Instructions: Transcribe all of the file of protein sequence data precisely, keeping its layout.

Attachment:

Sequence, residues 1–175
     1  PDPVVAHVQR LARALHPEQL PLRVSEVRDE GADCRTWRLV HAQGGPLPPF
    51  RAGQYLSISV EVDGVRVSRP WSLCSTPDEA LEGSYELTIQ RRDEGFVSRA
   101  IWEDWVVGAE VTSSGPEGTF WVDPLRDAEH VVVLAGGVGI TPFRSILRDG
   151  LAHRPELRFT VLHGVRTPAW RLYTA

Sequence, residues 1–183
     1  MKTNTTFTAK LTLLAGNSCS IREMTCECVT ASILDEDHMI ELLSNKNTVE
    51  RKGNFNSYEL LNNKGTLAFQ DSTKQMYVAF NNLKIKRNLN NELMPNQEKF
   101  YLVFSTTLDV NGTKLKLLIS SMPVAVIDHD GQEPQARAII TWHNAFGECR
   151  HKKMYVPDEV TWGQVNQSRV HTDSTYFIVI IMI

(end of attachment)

Sequence, residues 1–175
     1  PDPVVAHVQR LARALHPEQL PLRVSEVRDE GADCRTWRLV HAQGGPLPPF
    51  RAGQYLSISV EVDGVRVSRP WSLCSTPDEA LEGSYELTIQ RRDEGFVSRA
   101  IWEDWVVGAE VTSSGPEGTF WVDPLRDAEH VVVLAGGVGI TPFRSILRDG
   151  LAHRPELRFT VLHGVRTPAW RLYTA

Sequence, residues 1–183
     1  MKTNTTFTAK LTLLAGNSCS IREMTCECVT ASILDEDHMI ELLSNKNTVE
    51  RKGNFNSYEL LNNKGTLAFQ DSTKQMYVAF NNLKIKRNLN NELMPNQEKF
   101  YLVFSTTLDV NGTKLKLLIS SMPVAVIDHD GQEPQARAII TWHNAFGECR
   151  HKKMYVPDEV TWGQVNQSRV HTDSTYFIVI IMI